Critical Thinking

Why Schools Should Teach Critical Thinking (Part 4)

This is part four of a rebuttal to this article. Part one can be found here.

I’d like to move on now to my next point (don’t worry, I’m nearly finished with this series), that Hendrick appears to misunderstand what schools’ purpose is. He says:

Since the early 1980s, however, schools have become ever more captivated by the idea that students must learn a set of generalized thinking skills to flourish in the contemporary world — and especially in the contemporary job market. Variously called “21st-century learning skills” or “critical thinking,” the aim is to equip students with a set of general problem-solving approaches that can be applied to any given domain; these are lauded by business leaders as an essential set of dispositions for the 21st century. Naturally, we want children and graduates to have a set of all-purpose cognitive tools with which to navigate their way through the world. It’s a shame, then, that we’ve failed to apply any critical thinking to the question of whether any such thing can be taught.

To address his final point briefly: we have applied critical thinking to this question and produced a great deal of research on the very subject. As this is the topic of my next post, I won’t delve into it further here.

Now, if I take his criticism as valid, we shouldn’t have schools at all. In the history of education, schools have been a lot of different things and held a multitude of various purposes. What we have currently (in much of the world, at least) is a system of public education based on giving children the general set of skills that we think they will probably need to have in their lives and would benefit society by most people having. However, unlike “real life” our schools are divided into isolated subjects which are mostly taught in abstracted ways (there are few jobs that require one to write a “standard five paragraph essay” or solve a page of math problems by writing out long division). The goal is that these skills will be able to transfer to real-life situations outside of school.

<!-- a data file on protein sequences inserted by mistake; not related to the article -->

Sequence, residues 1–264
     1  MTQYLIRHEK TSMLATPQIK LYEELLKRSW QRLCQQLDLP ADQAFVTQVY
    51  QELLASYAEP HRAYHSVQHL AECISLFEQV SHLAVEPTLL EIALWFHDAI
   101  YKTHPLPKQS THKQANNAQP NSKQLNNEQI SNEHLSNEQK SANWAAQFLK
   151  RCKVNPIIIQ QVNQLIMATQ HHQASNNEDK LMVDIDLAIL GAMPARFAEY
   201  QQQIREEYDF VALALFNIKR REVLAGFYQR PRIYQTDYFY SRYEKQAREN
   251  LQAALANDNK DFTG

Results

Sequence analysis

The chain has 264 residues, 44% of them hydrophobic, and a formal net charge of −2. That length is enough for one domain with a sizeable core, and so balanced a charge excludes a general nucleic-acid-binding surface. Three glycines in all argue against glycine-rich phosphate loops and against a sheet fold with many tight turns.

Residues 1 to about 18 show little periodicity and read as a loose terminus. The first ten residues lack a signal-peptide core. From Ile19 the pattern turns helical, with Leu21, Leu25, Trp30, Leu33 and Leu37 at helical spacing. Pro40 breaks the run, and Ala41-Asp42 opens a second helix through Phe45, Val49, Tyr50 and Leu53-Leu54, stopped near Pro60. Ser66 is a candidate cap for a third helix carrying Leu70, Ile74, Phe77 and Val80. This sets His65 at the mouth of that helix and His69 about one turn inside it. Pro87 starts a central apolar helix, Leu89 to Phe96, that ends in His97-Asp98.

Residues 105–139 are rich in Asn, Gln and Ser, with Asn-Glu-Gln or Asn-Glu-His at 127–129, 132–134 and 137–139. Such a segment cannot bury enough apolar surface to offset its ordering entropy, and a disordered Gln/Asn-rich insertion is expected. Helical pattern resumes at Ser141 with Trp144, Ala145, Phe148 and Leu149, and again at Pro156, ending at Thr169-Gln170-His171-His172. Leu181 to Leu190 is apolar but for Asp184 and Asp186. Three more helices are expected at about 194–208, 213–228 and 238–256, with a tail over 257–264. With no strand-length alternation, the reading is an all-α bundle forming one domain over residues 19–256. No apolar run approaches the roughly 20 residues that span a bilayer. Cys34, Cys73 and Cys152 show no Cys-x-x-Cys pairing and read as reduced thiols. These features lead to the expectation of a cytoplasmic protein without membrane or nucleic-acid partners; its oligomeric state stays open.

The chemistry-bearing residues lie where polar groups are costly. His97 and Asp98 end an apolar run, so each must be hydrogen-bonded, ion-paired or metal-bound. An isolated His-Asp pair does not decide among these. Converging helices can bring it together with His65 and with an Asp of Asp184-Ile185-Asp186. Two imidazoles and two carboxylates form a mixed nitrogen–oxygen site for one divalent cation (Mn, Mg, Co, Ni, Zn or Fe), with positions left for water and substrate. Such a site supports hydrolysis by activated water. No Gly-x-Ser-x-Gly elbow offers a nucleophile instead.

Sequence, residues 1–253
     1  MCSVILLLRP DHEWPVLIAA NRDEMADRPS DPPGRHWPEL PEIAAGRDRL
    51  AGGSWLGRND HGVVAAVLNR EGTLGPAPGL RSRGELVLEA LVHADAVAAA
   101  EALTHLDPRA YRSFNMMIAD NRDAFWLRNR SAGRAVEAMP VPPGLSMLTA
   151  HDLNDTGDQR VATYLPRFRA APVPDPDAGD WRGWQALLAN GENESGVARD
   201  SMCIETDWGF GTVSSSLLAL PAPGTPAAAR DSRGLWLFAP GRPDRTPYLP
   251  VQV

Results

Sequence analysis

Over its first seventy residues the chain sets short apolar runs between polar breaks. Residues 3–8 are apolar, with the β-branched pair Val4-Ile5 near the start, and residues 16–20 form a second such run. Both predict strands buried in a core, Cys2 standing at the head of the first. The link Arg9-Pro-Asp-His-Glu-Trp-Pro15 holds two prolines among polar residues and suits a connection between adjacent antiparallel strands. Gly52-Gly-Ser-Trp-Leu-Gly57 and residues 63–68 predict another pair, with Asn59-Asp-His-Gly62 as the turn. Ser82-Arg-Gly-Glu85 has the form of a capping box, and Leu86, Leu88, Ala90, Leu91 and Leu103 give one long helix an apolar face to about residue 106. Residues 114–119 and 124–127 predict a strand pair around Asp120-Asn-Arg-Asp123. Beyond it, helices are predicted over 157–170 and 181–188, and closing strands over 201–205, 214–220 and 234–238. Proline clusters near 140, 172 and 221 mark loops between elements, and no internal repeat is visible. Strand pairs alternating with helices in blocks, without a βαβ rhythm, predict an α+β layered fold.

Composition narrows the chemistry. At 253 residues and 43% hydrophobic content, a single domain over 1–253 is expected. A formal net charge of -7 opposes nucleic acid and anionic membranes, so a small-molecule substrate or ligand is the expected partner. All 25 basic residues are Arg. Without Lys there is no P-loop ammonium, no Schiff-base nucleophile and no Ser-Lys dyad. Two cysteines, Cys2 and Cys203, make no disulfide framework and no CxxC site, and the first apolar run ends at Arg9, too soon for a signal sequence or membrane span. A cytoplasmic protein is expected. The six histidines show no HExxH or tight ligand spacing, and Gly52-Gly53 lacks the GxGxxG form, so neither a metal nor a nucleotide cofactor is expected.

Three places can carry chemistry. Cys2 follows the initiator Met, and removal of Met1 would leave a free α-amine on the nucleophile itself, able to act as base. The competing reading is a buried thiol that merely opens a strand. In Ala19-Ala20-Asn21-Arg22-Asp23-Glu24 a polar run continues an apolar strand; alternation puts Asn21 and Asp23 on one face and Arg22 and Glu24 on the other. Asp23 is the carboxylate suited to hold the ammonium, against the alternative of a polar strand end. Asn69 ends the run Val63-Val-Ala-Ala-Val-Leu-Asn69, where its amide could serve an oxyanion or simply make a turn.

They mostly don’t. Hendrick is right that there is a transfer problem (which I will discuss later as well) but wrong in assuming that “critical thinking” is a subject-specific topic. Yet, if we were to follow his suggestion and teach critical thinking exclusively as a subject-specific skill, we are virtually guaranteeing that it wouldn’t be able to transfer to other domains. By extension, Hendrick’s argument that we shouldn’t teach such generalized thinking skills implies that all the efforts of mainstream schooling are wasted and it would be more prudent to purely educate people in the specific subject they will work in (much like in the past).

It turns out, that’s not a good way to make a well-informed citizenry for a democracy to work properly. We need people to have generalized skills and diverse knowledge. The more subject-specific we go, the less transferability there is, and the problem of “what to teach” multiplies tremendously. Without the generalized skills (of which, as it turns out, there are plenty, and they can transfer) we have an immeasurable amount of very specific skills we would need to choose from, knowing that each would only apply to a very narrow kind of experiences.

Hendrick’s own examples suffer from this problem. A literature or physics student who only learns how to think critically in their specific subject will still encounter other things in life. Lacking the critical thinking disposition (except in a very narrow field) doesn’t do a whole lot of good when real life turns out to be much more complex and intermeshed than any single subject. As for whether a disposition can be taught, I’ll bring up the research in my next post.

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Jay teaches English in Asia and loves skepticism and teaching above all else.

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